Money Moves for 2006, Part 2: Your Portfolio

Continuing our foray into Money Magazine’s top money moves for 2006, our next topic is your investment portfolio. Without further ado, here are their top four moves as we move into a period of economic uncertainty…

(1) “Think bonds.” With interest rates on the rise, certain types of bonds (think junk) are likely to get clobbered in the near future, whereas long-term bonds will suffer due to inflation in a higher rate environment. Thus, Money recommends adopting “a safe all-weather bond strategy that starts with short- and intermediate-term debt. Add to that mix a 25 percent allocation to foreign debt … and about half that amount to Treasury Inflation- Protected Securities.”

(2) “Easy on the hard stuff.”While hard assets like real estate, oil, and gold are classic inflation hedges, they’ve all experienced a major runup in recent years. Thus, you could end up getting hammered in a recession.

(3) “Be nimble with cash.” Don’t tie up your cash for the long term (at least not in the first half of 2006), as the Fed will continue pushing up rates throughout the year. Maybe park some of that cash in an Emigrant Direct savings account. If the rate hikes slow down, consider locking in a rate over the longer-term by finding a high yield CD.

(4) “Look for stocks and funds for all seasons.” Some ares of the market do well in the face of high inflation, whereas others do relatively well during recession. Given the current state of the economy, you should consider both types of investments in 2006. They further recommend sectors that do well under these conditions:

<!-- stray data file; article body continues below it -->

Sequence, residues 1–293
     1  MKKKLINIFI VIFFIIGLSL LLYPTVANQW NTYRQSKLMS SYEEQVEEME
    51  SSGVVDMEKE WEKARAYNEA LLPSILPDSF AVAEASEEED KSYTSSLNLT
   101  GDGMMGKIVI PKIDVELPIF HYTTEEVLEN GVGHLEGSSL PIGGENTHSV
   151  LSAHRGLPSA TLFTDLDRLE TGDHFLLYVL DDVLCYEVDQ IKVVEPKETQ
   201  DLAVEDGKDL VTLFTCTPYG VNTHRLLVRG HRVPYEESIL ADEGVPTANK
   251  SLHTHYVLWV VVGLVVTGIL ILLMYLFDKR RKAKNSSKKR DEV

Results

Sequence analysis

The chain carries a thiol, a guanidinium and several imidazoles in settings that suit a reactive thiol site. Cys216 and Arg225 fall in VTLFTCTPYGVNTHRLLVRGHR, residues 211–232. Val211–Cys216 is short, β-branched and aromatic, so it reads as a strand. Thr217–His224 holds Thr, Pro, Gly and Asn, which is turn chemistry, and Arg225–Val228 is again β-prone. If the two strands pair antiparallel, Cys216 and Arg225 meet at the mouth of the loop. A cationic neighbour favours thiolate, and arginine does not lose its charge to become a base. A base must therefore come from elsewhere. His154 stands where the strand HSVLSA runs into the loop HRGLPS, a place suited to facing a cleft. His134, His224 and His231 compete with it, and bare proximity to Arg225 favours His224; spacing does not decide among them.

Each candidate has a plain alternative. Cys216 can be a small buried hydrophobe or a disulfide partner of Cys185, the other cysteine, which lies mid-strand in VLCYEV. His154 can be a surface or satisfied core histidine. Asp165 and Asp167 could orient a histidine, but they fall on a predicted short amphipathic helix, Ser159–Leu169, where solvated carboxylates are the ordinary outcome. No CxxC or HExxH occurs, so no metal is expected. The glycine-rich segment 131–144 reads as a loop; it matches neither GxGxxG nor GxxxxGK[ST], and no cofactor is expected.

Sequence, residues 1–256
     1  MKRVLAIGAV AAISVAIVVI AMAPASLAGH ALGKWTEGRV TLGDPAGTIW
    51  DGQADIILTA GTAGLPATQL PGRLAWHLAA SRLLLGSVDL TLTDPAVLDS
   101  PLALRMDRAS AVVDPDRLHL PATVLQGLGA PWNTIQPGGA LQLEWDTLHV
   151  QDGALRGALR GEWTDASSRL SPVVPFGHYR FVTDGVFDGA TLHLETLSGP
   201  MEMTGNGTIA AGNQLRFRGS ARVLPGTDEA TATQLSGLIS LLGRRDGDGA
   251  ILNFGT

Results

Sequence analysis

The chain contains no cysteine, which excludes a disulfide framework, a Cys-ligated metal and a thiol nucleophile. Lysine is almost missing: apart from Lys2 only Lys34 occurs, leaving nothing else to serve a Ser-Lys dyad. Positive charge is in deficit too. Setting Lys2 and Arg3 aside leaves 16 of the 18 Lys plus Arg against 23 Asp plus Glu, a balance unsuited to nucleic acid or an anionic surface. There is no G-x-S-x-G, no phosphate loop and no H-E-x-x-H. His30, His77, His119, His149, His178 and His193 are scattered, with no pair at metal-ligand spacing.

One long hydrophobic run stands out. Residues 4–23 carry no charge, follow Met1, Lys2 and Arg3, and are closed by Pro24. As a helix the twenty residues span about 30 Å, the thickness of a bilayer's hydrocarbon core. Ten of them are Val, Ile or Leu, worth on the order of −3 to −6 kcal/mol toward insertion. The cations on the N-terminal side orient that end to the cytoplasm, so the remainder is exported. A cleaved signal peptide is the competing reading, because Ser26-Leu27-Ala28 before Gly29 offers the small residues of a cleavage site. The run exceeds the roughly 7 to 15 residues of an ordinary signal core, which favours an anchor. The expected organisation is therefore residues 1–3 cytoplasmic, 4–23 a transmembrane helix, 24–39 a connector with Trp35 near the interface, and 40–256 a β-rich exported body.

Dominant Tech: They can maintain profits since customers have few alternatives. Consider: Cisco
Food: Suppliers have flexibility to raise prices quickly. Consider: Sysco
Energy: Can these guys raise prices in a hurry? You already know the answer. Consider: ExxonMobil
Large cap growth funds: Consider Harbor Capital Appreciation (HCAIX)

Consumer staples: In hard times, people still do the laundry and brush their teeth. Consider: Procter & Gamble
Utilities: Steady demand for power and steady dividend payouts buttress these stocks. Consider: Southern Co.
Dividend value funds: Consider T. Rowe Price Equity Income (PRFDX)

Read Part 1, Your Home
You’re reading Part 2, Your Portfolio
Read Part 3, Your Job
Read Part 4, Your Health
Read Part 5, Your Family
Read Part 6, Your Spending

[Source: CNN/Money]

5 Responses to “Money Moves for 2006, Part 2: Your Portfolio”

  1. Anonymous

    Kay brings up some excellent points about the tax consequences of mutual funds. That’s one of the reasons I stick mostly to individual stocks in my non tax-deferred accounts. (I posted on the pros/cons of funds vs. stocks.)

    Although my wife won’t be too happy, I’m planning to use the holiday break to analyze our current investments and assess our money moves for next year. These general tips will help. Thanks.

  2. Anonymous

    When rebalancing, be sure to look at selling loser stocks to offset any capital gains you may get this year. The gains don’t have to come from selling assets; if you have mutual funds that pay dividends or capital gains, the final quarter could be a big — and tax-costly — one for you. If you haven’t planned for it, you’ll need to find ways to cut those potential taxes and offsetting gains with losses is an easy way to clear out your portfolio and beat the tax man.

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